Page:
“I offered him the 40-yard line, but he said it wasn’t good enough,” said John Langbein, owner of Ticket Exchange. “I offered him the 50-yard line, three rows up, but he said that was too low. I offered him the 50-yard line, 30 rows up; he said that was too high. I finally got him the 50-yard line, 20 rows up.” The price: $1,550 a ticket.

Helman wanted only the best seats. He said he’ll write the trip off because he’s taking three neurologist friends to the game and plans to discuss neurology with them “in the limo. . . . Maybe at halftime we’ll talk about the neurology of football injuries.” He also went to Minneapolis Veterans Medical Center yesterday afternoon in his limo to interview a neurologist for a position on his staff.

“It is rare that I get a weekend off, but when I get a weekend off I play hard,” said Helman, who flew first class from San Francisco on Friday night. He and his buddies went to a Champps sports bar, where they met some Buffalo Bills cheerleaders.

He calls his visit “clean fun.”

He was headed last night to the Taste of the NFL, a $75-a-plate dinner.

High rollers in cabs Some high rollers don’t like to walk or find the temperatures a bit too bracing for a stroll. Many hail cabs for one- or two-block trips. Cabbies complain that many of the visiting bigshots are playing it cheap, too, with tips in the $1 to $2 range.

Rollers on the rocks

As many as 900 of the highest of high rollers ventured onto Curt Carlson’s frozen private lake yesterday for an exclusive party outside Carlson Companies headquarters. A 130-seat TGI Fridays was erected on the lake so partygoers could eat and drink. Outside, they rode snowmobiles, a hot-air balloon, horse-drawn sleighs and an eight-dog sled. Former Olympic figure skater Dorothy Hamill gave skating lessons, and polar explorer Will Steger narrated a slide show about his Antarctic expedition.

Some praised the advantages of the cold weather. “The germs are all gone,” declared Norah Farris of Dallas. But not everyone was dressed for the occasion. Nina Pellegrini of San Francisco tried her hand at ice sailing in a full-length white fox fur coat. The party was sponsored by Carlson Companies, CBS and Coca-Cola. The plutocracy was out in force: CBS President Howard Stringer, Curt Carlson, Minnesota Twins owner Carl Pohlad, Northwest Airlines Cochairman Al Checchi, financier Irwin Jacobs and First Bank Chairman John Grundhofer.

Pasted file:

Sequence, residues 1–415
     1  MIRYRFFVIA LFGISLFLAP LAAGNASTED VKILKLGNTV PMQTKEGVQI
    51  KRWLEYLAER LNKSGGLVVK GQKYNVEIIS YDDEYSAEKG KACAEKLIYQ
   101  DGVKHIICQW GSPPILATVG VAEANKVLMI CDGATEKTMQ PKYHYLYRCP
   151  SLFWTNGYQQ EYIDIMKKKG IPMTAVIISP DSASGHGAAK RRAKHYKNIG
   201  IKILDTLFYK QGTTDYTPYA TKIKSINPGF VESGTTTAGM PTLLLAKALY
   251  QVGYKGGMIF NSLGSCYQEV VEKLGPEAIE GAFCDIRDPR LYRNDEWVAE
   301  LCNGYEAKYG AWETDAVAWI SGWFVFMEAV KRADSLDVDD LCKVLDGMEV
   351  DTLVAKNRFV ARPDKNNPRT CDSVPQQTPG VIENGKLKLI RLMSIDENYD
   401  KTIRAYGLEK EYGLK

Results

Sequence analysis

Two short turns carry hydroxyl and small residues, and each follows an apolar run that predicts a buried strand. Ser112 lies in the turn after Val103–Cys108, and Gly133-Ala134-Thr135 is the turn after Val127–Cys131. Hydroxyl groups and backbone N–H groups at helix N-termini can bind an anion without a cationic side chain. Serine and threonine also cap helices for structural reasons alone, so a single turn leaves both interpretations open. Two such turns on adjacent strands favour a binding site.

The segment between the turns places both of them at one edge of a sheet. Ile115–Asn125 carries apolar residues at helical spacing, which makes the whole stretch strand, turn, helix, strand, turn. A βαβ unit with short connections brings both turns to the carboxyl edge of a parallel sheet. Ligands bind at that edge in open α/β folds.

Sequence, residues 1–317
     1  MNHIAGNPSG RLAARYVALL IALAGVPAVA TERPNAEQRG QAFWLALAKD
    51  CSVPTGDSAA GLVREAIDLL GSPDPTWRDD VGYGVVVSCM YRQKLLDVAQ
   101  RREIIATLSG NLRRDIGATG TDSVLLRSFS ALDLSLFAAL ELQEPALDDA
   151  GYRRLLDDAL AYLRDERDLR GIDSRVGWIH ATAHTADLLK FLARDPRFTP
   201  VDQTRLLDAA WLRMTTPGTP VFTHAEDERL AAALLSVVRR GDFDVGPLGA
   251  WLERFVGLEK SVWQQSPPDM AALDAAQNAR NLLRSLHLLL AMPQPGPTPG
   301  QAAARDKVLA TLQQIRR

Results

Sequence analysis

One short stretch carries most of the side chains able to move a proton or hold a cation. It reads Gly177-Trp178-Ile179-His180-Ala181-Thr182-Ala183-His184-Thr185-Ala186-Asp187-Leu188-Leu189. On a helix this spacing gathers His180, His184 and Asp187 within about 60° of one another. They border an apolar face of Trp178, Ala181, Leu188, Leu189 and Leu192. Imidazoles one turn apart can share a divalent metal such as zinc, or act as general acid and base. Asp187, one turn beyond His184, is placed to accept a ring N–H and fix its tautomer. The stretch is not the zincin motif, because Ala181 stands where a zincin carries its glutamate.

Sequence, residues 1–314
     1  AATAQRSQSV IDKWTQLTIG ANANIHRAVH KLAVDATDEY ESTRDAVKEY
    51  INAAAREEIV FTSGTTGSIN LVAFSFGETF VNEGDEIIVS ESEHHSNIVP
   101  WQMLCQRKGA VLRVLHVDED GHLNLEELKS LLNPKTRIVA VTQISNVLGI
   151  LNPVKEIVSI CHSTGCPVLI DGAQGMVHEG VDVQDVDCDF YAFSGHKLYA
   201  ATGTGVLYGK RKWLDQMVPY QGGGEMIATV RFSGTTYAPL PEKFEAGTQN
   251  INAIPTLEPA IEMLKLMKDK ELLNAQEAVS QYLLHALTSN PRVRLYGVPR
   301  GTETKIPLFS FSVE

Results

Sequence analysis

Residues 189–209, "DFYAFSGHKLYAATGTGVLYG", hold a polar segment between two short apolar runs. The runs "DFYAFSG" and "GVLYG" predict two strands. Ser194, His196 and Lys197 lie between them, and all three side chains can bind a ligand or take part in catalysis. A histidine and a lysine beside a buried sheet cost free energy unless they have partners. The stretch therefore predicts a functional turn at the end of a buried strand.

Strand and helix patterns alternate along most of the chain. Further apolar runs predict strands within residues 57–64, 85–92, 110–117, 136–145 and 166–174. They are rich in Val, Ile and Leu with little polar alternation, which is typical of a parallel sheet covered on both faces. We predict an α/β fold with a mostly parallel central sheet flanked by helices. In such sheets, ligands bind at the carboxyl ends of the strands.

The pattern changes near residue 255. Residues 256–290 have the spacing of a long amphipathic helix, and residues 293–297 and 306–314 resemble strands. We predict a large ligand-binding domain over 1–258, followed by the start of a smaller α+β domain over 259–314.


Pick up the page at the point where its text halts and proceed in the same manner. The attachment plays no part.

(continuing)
Rollers come first, uh huh!

At the Winter Carnival ice slide near the State Capitol, there was nearly a revolt yesterday when Pepsi officials reserved time on the slide at 10 a.m. for Pepsi executives. Pepsi contributed $1 million for the ice castle. But by 10:30, more than 100 average citizens had lined up at the slide and weren’t being allowed to take their turns. Some angry people started shouting, “Coke! Coke!” After about 15 minutes of failing the good-taste test, Pepsi execs decided to let common folks ride, too.

A fitting feast

A 600-glass pyramid of cascading champagne opened the Taste of the NFL yesterday at the International Centre in Minneapolis. The program raised $100,000 for the poor, but the participants didn’t do too poorly, either. About 1,500 people dined on alligator, duck pastrami and assorted delicacies. Admission was $75. Organizers overcame several last-minute crises, including a case of the missing scallops, needed for 1,100 entrees prepared by a chef from Cafe Annie in Houston. It was miraculously delivered 10 minutes before the 6 p.m. opening.

Ice jam Traffic congestion became a nightmare in St. Paul yesterday thanks to the Winter Carnival Grande Day Parade. Shuttle bus service was backed up much of the day, requiring waits of up to 90 minutes. And bus service from the ice palace to downtown Rice Park was stopped for several hours during the parade. 

Your taxes at work

Super Bowl fans will be treated to some high-flying antics, including a possible coin toss in the weightlessness of space, by the astronauts aboard space shuttle Discovery, according to the Associated Press. The astronauts plan to make a brief television appearance during the pregame show.

CBS Sports commentators Greg Gumbel and Terry Bradshaw will chat with the shuttle crew in a TV hookup arranged by NASA.

Oops!

On Jan. 15, 1982, shortly before the Dome opened, an article appeared on Page 1 of the sports section in the now-defunct Minneapolis Star. It began: “If you think the Jan. 24 Super Bowl in chilly Pontiac, Mich., means that Minneapolis might someday be host for the football ritual, don’t bet on it. According to officials of the National Football League, the city’s nearly completed Hubert H. Humphrey Metrodome is just too small to hold a Super Bowl crowd.” The author of the article was Randy Furst. Oh well.

Staff Writers Jean Hopfensperger, Joe Kimball, Dave Phelps and Ellen Foley contributed to this article.